I use scrapbooking punches found in Hobby Lobby, Michael’s Crafts and scrapbooking stores. Look for in-scale punches in flower petal and leaf shapes – don’t forget to look in the “Border” and “Corner” punches section. I use rice paper and colored vellum paper. Cardstock is usually too thick.   For more details on punches and paper, please see the instructions for making flowers below.  You may also want to visit the tutorial at this link.

(I recommend that you read through all the instructions before starting this project.)

PROJECT INSTRUCTIONS

Step 1. Work Table & Chair

You will need:
Work Table with Drawers, Unfinished
Chrysnbon Chair, Unfinished
Crackle Medium (optional)
X-acto Knife
Zap-A-Gap Glue
Sandpaper
Emery Board
Paint brushes – for painting and dry brushing
Small Rag
American Accents Rust-Oleum Kit, Distressed Ivory or acrylic paint and wood stain (I used buttermilk acrylic paint on the table and the American Accents Rust-Oleum Antique Top Coat to age it.)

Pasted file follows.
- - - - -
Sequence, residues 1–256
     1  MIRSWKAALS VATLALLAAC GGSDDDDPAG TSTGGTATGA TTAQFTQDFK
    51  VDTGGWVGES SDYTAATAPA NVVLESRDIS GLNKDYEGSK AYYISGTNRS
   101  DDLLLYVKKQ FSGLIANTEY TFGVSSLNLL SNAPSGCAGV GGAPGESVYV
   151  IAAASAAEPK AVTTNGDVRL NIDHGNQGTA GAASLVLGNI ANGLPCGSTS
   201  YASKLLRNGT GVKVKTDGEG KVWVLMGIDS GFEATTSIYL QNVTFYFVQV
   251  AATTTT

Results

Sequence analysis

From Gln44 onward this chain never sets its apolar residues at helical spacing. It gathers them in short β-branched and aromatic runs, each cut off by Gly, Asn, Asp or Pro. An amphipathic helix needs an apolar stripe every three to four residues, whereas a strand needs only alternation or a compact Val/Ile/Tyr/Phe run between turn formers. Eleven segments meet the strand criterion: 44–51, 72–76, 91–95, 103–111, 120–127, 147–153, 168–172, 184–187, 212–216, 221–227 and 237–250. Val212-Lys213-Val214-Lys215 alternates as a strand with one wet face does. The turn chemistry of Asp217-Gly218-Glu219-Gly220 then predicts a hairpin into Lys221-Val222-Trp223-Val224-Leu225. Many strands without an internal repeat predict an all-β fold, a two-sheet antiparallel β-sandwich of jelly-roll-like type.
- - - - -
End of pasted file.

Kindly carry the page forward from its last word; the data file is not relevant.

Matte Spray Sealer
Acrylic Paint:  Raw Umber, Burnt Umber, Green Umber, Avocado

1.            Paint the work table with your choice of acrylic paint or water-base stain – two good coats should be enough, unless you plan to use the Crackle Medium.  Follow the manufacturer’s directions on the bottle if you would like to try this. Take the drawers out of the table and paint them separately.  Set aside to dry.

2.            Assemble the chair using Zap-A-Gap Glue and paint it in your choice of color(s); it will need at least two coats of paint.  (You can paint it in more than one color to make it look like an old chair that has had many coats of paint.)  Set aside to dry.